Convicted ACP still serving Delhi Police & drawing pay.
Senior police officers blamed " technical" reasons for Rathi's continuance in service. While nine other police personnel who were convicted along with the ACP have been dismissed, Rathi continues to hold his post and draws 75 per cent of his salary, an officer said.
He added that it was the post of ACP that was posing a hurdle for the police in dismissing Rathi. Rathi, then an inspector, was promoted as ACP in 1995. The promotion was ad- hoc and out of turn.
He was promoted for eliminating dreaded Uttar Pradesh criminal Satvir Gujjar in West Delhi's Tilak Nagar.
The officer said Rathi was promoted following an order of the Delhi government that had the lieutenant- governor ( L- G)' s approval. The Delhi Police commissioner has powers to dismiss officers up to the rank of an inspector. So, the city police chief cannot dismiss Rathi.
The power to dismiss officers above the rank of inspector rests with the ministry of home affairs ( MHA). The MHA, however, could not dismiss Rathi because he is still mentioned as an ' inspector' in the ministry files. " When the file reached the MHA, it was sent back to the Delhi Police," the officer added.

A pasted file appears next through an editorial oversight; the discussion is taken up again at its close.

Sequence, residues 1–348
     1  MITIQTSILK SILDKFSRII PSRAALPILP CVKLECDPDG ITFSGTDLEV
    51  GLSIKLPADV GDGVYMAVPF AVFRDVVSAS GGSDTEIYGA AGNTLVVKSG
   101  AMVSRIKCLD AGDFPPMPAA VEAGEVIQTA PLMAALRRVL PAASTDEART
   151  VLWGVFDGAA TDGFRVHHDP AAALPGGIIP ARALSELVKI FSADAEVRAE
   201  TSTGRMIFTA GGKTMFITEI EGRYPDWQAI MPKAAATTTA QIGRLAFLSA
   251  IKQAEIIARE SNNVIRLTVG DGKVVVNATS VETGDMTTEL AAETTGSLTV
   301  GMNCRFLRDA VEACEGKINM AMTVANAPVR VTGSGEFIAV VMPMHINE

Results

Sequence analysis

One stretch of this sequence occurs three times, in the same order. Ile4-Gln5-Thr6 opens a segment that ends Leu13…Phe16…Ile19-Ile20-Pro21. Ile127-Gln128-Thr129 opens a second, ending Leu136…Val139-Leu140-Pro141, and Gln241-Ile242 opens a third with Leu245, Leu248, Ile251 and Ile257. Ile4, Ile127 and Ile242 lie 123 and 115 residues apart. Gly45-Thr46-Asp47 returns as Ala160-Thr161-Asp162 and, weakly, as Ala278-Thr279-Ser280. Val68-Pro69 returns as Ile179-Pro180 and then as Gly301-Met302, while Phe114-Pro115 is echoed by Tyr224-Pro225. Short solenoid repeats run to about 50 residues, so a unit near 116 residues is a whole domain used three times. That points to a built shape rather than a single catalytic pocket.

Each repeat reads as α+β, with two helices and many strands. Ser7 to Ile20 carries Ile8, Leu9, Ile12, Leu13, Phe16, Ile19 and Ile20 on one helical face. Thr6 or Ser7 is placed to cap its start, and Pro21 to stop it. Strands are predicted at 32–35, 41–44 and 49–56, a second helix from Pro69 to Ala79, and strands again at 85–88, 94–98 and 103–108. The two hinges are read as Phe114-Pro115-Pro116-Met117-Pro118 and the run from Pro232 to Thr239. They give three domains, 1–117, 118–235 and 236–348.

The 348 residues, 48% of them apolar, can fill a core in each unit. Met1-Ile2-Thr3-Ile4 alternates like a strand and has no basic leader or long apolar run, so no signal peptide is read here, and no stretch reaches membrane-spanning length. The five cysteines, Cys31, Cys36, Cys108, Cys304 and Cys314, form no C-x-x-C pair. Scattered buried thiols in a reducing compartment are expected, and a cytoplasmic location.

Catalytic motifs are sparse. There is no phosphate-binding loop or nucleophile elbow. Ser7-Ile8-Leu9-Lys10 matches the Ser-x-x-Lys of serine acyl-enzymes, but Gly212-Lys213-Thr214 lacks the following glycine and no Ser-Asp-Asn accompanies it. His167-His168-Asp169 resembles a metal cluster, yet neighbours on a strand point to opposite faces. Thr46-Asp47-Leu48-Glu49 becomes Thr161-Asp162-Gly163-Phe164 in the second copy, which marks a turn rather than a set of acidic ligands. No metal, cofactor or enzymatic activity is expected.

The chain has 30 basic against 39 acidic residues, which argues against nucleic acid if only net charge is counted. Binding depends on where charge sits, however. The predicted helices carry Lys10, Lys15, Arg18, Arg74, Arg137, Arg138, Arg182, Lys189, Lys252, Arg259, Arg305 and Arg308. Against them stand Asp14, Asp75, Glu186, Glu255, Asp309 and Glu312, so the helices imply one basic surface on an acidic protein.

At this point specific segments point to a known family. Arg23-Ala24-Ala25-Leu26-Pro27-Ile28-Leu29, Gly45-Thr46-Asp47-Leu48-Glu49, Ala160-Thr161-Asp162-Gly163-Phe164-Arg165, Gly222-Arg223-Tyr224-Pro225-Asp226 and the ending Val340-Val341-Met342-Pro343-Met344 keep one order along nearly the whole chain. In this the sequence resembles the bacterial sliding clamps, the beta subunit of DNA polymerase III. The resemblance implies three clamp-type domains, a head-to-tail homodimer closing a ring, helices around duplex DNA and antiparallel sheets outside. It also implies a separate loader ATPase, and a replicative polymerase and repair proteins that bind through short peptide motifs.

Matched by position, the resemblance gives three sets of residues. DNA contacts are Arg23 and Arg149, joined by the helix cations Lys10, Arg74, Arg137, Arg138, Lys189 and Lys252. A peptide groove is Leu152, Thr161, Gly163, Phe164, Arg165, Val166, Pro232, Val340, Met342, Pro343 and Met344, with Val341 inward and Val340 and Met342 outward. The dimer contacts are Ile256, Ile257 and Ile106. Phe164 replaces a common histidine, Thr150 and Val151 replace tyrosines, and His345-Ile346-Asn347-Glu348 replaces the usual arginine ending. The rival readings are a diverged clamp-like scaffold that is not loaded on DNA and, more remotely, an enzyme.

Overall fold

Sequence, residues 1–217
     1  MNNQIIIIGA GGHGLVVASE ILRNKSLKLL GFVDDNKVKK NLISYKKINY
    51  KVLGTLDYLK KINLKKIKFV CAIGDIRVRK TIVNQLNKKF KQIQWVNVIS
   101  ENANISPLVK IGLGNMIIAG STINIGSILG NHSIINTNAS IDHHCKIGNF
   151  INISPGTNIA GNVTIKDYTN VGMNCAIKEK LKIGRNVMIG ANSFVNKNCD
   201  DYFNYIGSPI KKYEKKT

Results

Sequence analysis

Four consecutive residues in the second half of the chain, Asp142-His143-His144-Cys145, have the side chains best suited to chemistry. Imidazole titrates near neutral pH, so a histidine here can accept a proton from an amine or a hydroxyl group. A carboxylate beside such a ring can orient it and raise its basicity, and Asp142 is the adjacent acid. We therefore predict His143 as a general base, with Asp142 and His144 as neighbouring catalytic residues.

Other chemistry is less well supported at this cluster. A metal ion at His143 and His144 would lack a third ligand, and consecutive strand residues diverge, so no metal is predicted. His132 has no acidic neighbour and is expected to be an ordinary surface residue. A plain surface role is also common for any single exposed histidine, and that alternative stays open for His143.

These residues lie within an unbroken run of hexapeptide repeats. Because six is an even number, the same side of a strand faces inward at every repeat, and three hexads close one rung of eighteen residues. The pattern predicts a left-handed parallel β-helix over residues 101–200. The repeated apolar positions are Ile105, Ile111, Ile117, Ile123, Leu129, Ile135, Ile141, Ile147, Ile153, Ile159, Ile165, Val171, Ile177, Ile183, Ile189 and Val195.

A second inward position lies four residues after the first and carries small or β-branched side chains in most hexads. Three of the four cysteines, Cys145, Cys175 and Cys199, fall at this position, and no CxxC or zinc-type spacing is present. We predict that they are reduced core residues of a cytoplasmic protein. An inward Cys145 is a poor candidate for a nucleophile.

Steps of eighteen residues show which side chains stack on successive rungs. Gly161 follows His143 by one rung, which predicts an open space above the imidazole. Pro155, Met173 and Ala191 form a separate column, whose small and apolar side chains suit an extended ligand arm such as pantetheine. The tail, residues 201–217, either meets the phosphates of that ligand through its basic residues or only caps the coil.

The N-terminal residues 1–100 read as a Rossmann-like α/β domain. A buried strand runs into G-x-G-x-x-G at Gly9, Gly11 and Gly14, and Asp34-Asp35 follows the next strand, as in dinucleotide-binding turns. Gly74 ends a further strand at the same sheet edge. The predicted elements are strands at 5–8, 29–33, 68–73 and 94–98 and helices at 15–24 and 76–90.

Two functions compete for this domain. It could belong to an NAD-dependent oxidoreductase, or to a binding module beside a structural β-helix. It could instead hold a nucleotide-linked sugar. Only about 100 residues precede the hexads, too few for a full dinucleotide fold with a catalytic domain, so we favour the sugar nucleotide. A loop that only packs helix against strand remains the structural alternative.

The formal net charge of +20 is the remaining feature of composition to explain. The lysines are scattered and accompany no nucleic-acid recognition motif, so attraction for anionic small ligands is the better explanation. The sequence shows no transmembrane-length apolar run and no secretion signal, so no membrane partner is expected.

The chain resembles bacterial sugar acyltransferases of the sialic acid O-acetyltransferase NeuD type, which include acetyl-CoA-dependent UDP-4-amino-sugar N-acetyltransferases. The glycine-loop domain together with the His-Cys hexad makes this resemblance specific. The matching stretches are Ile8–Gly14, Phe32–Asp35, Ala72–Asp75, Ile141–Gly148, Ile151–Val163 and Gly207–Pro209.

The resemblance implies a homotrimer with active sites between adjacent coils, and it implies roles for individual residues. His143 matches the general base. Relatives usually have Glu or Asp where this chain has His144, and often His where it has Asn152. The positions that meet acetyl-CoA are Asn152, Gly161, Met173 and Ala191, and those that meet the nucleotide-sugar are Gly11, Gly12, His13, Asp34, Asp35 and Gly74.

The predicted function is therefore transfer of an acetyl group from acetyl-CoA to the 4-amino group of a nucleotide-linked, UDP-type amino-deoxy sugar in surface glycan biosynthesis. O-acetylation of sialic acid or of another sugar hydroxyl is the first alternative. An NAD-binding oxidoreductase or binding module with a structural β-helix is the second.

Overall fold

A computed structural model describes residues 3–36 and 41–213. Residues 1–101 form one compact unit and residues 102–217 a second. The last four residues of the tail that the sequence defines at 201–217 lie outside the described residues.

According to the officer, the power to dismiss Rathi actually lies with the Delhi government. " The government can write to the L- G to take up the matter and he can be dismissed," he said.
Police officers said the Delhi government should have cancelled his promotion following his conviction in the fake encounter case. That would have allowed the Delhi Police to dismiss him.
Last week, the Delhi High Court took strong exception to Rathi's continuance in service and sought an explanation from the MHA on why action had not been taken against the officer.
The court asked the MHA to file an affidavit within four weeks.
Rathi, who headed the police team during the encounter, was convicted for murder and sentenced to life imprisonment by a Delhi court in October 2007, a verdict upheld by the high court in September 2009.
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